"So everybody knows there's no [lying] here, that is one of the topics," Leyland said. "We're going to get together and decide a little bit about my future. But there's been absolutely no discussion."
Leyland, 62, is signed through 2008, but he said he would like to manage "for a while," hopefully in Detroit.
"I would hope it's going to be here -- I love it here," Leyland said. "I'm happy here."
Leyland said he isn't looking for a long-term extension, just a year-by-year extension, assuming the Tigers still are playing well.
"I'm not looking to go anywhere," Leyland said. "I would like to drive away from here Monday afternoon with another year on my contract. And next year I would like to have another year on top of that."
The Tigers officially will be eliminated from postseason contention with either a loss on Wednesday or a Yankees win. Injuries have taken their toll on the Tigers this season, but Leyland said he still feels energized going into next year.
"I'm pumped up," Leyland said. "Energy is no problem. That's not going to be a problem as long as I'm managing the Tigers. When the energy's not there, I'll leave the Tigers."
Part of the reason Leyland wants to stick around is his relationship with Dombrowski and Tigers owner Mike Ilitch.
"I would venture to say that as long as Mr. Ilitch is the owner, this club will operate pretty darn good," Leyland said. "We have a man at the top who is very flexible and a general manager that leaves no stone unturned. So we'll see how it works out."
Leyland said he didn't want to discuss any extensions during the season, and whatever happens next Monday, he doesn't want any big deal made out of the talks.
"I hope Tuesday they have some small little thing in the paper that says 'Jim Leyland has extended his contract through 2009,'" the manager said. "That's what I hope happens, and I mean that sincerely."
Leyland didn't want to discuss any possible offseason moves the Tigers plan to make, though he said waiting to hear what Kenny Rogers and Todd Jones plan to do plays a big factor.
Rogers and Jones each has an expiring contract at the end of the season, and both have stated they will weigh the free-agent market.
"We need to tweak this team a little bit," Leyland said. "I don't know what Todd Jones is going to do. I don't know what Kenny Rogers is going to do. Those are big factors. Did we discuss what-ifs and what-if-nots? Sure."
Scoreboard watching ... sort of:
Leyland had all but conceded the Yankees would win the American League Wild Card, but he did watch the Devil Rays complete an extra-inning comeback win over the Yanks on Tuesday night.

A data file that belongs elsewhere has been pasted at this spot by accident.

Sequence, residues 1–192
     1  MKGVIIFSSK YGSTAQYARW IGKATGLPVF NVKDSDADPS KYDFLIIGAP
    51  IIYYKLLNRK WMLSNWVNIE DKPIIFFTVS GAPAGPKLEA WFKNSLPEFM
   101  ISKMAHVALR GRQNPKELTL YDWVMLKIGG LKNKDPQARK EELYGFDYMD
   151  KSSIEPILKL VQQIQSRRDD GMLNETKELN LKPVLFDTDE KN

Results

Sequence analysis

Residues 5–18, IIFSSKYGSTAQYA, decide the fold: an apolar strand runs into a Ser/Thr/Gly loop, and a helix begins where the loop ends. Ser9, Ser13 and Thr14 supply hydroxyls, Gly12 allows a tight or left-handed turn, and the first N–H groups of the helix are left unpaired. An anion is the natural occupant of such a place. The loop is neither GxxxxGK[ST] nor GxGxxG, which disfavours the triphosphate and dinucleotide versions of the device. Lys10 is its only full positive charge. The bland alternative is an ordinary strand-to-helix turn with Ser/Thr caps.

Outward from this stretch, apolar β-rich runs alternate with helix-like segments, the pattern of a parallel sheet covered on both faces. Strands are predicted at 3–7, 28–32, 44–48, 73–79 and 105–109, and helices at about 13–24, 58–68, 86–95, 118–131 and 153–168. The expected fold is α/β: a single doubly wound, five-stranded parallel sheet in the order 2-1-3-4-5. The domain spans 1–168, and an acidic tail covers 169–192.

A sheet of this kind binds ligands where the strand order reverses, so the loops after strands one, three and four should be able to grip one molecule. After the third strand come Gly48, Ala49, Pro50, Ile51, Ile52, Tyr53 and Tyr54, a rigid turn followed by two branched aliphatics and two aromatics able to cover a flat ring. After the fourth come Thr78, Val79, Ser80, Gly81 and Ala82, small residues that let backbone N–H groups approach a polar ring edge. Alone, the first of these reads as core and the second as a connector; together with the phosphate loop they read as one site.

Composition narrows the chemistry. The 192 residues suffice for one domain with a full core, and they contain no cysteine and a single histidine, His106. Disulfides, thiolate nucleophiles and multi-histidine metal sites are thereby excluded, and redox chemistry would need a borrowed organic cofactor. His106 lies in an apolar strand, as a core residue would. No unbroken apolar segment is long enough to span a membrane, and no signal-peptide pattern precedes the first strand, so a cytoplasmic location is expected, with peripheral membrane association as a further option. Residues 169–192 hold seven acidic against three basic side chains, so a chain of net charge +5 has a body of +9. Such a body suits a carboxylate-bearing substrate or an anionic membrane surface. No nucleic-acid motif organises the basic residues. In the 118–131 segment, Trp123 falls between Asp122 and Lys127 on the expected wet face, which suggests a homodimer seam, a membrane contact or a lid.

"I sat here last night and saw the scoreboard was '5-0 Yankees' and said, 'Well, that's the last nail,'" Leyland said. "Then I came in here and stayed up and watched it and saw the nail hadn't been pounded all the way in yet."
The Yankees would have to lose their remaining five games against the Devil Rays and Orioles, while the Tigers would have to go unbeaten in their final four games to force a one-game playoff at Yankee Stadium.
"I don't think the Yankees are going to lose the rest of their games, if that's what you're asking," Leyland said.
That nail came one night later, when the Yankees clinched with a win over Tampa Bay on Wednesday.
"Good luck," was Leyland's message to the Yankees.
Still plotting: The Tigers have yet to go through the usual rookie hazing of forcing first-year players into embarrassing outfits at the end of the season.
"I don't know when it's gonna happen," Brandon Inge said. "We'll sneak it in there sometime in Chicago."
The Tigers will have their last chance during their three-game series against the White Sox.
"We've taken care of a few things," Inge said. "It's a work in progress. I know it's in the works, I just don't know when it's gonna happen."
More on Bonderman's changeup:
The Tigers have tried for several years to get Jeremy Bonderman to develop a worthwhile changeup to compliment his fastball and slider.
Leyland said he thought Bonderman had developed the pitch well enough to use on a regular basis, but Bonderman still is reluctant to do so.
"The pitch has finally arrived," Leyland said. "I think the problem is, when Jeremy runs into trouble, he's still reluctant to go to that pitch because he's had it drilled into him, like most pitchers, 'Don't get beat with your secondary pitch.' When he learns there's some truth to that, but not all truth to that, then I think he'll have a chance to be real good."
Mike Winters, who was an umpire for the first two games of the Tigers' series against the Twins, was suspended for the rest of the 2007 regular season, Major League Baseball announced on Wednesday.
Winters was involved in an on-field incident with San Diego's Milton Bradley on Sunday. Bradley has said Winters used an expletive in his direction, which led to an ejection and a torn ACL for Bradley in the following scuffle.
Scott Barry, usually a Triple-A umpire, replaced Winters as the third-base ump in Wednesday's game.
After an off-day on Thursday, the Tigers will start their final series of the season in Chicago on Friday. Rogers (3-3, 4.26 ERA) will make his last start of the year against Javier Vazquez (14-8, 3.79) at U.S. Cellular Field. First pitch is scheduled for 7:05 p.m. ET.